Plant Immunity Research

Innovation through investigation of plant perceptions and responses to microbial pathogens

A multipronged approach to plant response

The plant biotic stress research laboratory at the Texas A&M AgriLife Research and Extension Center at Dallas is uniquely focused on how plants perceive and respond to microbial pathogens by combining molecular, genetic, biochemical, genomic and proteomic approaches. 

Our long-term research goal is to understand the complex network of signal transduction and pathway interactions in plant immunity.

The knowledge generated from these studies will contribute to a better understanding of microbial pathogenesis and host defense responses, which should ultimately lead to the development of novel disease control strategies and improved crop production.

Research projects

The functional interplay between DNA damage repair and plant immunity

The plant immune and DNA damage responses are two ancient fundamental surveillance mechanisms. Although both responses have been well characterized separately, the relationship between them is largely unknown. Dr. Song’s group and others have identified multiple DNA damage proteins that play a key role in plant immune response. The laboratory’s future research will continue to investigate how DNA damage proteins regulate plant immune response and how the two responses are intricately interconnected.

The molecular basis of how poly(ADP-ribosyl)ation regulates immune and stress responses

Poly(ADP-ribosyl)ation is a posttranslational modification of nuclear proteins catalyzed by poly(ADP-ribose) polymerase (PARP) and plays a role in nearly all major cellular processes, including DNA repair, transcription, translation, chromatin remodeling, metabolic regulation and cell death. Recent findings indicate that poly(ADP-ribosyl)ation is an important component of plant immunity and is a dynamic process that is tightly controlled and fine-tuned. A core component of our research program will identify the mechanisms through which poly(ADP-ribosyl)ation regulates plant immune and stress responses and discover new components and pathways with functional roles in plant immunity, in particular by identifying PARP targets and associated proteins and investigating the functional interplay of PARPs with their interactors. Future studies will investigate how PARPs mutually modulate the expression of each other and elucidate the molecular mechanism by which PARPs and PARGs regulate various cellular responses, individually or in a concerted manner.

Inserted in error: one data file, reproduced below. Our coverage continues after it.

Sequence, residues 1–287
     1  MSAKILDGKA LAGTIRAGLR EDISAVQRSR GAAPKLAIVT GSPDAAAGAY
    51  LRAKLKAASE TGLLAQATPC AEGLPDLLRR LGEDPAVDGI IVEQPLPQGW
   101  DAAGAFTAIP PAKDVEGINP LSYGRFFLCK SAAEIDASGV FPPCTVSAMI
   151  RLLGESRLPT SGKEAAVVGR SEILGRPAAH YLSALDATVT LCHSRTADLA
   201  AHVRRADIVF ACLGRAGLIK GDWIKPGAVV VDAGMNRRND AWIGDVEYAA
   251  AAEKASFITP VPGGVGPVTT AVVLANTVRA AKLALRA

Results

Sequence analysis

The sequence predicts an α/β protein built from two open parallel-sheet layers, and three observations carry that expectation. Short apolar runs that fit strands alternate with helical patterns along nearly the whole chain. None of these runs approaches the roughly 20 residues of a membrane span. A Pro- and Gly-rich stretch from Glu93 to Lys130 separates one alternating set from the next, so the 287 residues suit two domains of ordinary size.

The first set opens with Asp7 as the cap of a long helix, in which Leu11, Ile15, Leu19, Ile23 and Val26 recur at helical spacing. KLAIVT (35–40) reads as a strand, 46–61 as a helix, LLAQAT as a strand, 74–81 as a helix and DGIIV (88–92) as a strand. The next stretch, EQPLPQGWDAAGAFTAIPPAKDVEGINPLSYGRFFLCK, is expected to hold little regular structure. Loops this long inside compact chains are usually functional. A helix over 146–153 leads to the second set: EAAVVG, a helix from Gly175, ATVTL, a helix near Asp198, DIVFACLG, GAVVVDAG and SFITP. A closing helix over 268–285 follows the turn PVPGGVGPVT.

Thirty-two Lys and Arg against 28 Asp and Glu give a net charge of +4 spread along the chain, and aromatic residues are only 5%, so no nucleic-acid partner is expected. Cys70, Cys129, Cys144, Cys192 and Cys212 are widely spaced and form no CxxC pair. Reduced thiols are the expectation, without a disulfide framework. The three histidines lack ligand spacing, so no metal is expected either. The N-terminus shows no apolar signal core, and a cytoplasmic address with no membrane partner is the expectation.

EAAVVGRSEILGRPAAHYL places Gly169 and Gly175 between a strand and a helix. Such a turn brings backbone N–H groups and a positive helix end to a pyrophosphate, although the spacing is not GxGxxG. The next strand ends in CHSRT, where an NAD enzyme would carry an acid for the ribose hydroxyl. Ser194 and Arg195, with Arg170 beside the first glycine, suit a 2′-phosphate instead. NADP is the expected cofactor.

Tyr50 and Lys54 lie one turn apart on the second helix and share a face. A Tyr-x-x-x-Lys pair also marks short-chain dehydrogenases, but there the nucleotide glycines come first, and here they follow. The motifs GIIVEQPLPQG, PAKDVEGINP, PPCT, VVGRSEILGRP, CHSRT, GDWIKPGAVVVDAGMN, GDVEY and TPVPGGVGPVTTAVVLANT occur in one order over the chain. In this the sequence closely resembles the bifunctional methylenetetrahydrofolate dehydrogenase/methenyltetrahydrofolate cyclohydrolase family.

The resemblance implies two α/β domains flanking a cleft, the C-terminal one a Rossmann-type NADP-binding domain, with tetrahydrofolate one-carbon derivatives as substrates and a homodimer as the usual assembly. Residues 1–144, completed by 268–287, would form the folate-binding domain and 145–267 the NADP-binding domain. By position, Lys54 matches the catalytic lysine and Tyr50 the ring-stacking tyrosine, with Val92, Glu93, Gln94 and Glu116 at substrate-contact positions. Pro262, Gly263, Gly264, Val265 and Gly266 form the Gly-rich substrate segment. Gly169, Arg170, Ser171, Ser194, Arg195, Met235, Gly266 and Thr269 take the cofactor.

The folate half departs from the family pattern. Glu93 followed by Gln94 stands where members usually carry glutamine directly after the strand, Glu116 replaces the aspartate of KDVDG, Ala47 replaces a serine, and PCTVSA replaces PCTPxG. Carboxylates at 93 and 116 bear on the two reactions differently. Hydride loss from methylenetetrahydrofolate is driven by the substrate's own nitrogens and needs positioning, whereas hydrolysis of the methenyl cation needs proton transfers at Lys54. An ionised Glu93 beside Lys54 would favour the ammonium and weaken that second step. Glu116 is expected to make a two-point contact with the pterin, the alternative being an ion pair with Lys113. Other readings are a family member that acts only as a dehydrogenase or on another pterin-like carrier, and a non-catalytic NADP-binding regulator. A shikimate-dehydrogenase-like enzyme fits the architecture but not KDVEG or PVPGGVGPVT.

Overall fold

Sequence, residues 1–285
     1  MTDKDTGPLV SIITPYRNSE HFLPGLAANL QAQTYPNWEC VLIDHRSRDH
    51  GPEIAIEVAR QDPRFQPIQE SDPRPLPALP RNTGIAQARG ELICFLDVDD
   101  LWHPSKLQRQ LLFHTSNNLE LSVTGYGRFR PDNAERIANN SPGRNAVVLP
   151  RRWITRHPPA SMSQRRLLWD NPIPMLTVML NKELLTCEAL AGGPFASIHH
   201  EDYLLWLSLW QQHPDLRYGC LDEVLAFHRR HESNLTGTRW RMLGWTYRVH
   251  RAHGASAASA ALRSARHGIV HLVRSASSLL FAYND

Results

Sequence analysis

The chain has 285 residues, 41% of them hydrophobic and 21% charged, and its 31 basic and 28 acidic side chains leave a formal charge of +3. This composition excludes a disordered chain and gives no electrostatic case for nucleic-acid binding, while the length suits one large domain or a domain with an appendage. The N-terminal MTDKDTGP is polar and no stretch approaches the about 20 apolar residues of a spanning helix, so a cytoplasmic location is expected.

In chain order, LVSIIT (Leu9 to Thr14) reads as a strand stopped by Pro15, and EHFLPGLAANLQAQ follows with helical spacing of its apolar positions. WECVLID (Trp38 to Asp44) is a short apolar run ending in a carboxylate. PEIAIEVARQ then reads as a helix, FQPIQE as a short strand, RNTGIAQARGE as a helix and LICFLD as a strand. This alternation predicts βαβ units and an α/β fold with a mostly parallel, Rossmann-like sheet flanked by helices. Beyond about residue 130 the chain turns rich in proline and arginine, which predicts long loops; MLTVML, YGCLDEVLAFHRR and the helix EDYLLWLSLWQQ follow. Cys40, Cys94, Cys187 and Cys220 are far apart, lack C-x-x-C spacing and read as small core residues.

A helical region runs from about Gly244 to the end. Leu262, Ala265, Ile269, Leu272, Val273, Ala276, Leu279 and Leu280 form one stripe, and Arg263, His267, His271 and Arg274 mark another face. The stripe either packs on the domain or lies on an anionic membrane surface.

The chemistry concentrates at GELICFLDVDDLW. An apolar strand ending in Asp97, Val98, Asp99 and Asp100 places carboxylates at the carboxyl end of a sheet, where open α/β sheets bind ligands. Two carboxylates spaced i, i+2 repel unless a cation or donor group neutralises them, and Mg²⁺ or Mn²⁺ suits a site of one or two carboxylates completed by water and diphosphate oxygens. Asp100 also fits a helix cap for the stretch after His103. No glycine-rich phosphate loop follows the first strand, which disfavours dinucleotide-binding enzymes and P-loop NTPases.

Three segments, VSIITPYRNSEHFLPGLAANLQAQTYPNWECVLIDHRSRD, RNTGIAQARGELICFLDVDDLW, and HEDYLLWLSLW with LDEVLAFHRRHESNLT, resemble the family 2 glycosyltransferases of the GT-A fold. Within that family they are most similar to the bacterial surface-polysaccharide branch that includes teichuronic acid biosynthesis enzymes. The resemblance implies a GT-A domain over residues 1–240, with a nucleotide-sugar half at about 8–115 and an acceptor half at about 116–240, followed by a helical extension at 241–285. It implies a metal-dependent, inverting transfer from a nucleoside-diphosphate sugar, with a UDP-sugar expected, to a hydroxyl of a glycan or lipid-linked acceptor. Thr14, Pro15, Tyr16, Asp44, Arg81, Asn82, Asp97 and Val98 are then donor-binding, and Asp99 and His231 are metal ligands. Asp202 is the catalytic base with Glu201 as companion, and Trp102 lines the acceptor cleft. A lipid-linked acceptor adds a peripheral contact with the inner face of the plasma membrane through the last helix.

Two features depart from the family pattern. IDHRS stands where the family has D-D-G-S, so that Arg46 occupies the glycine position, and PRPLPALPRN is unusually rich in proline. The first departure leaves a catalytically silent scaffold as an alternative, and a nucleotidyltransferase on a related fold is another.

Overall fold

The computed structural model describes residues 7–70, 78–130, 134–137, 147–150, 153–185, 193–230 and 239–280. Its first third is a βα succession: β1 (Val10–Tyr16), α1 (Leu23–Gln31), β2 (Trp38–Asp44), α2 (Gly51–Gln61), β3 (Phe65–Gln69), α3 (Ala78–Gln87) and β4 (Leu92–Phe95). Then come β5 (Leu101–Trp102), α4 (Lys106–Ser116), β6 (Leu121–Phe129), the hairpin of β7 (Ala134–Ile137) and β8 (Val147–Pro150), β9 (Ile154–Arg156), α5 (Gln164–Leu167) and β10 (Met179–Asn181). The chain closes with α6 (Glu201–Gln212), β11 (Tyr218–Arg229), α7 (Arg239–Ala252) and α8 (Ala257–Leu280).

The molecular mechanism of plant-fungus/oomycete interactions

Fungal and oomycete pathogens are responsible for many devastating diseases in plants. For example, Phytophthora infestans is a destructive oomycete pathogen best known for causing Irish Potato Famine and remains the most costly potato pathogen to control worldwide. Two notorious fungal pathogens, Rhizoctonia solani and Sclerotinia homoeocarpa, cause large patch and dollar spot in turfgrass, respectively. Genome sequence analyses of these pathogens have identified an array of effector proteins that are translocated into host cells to establish infection. The pathogenic mechanisms of the majority of these secreted effectors remain unknown. The aim of his research is to identify the virulence targets and mode of action of these effectors. Increased understanding of the molecular basis of plant-pathogens interactions will facilitate development of sustainable management strategies against these destructive fungal and oomycete pathogens in crops.

Program Faculty and Staff

Junqi Song, Ph.D.

Associate Professor, Principal Investigator

Texas A&M AgriLife Research


A full selection of Dr. Song’s publications is available at TAMU Scholars along with information about researchers and peer-reviewed publications across The Texas A&M University System.

Jinping Zhao, Ph.D.

Assistant Research Scientist 

Texas A&M AgriLife Research

Alex Uszynski

Student Worker

Texas A&M AgriLife Research

Shakil Hosain

Graduate Student

Texas A&M AgriLife Research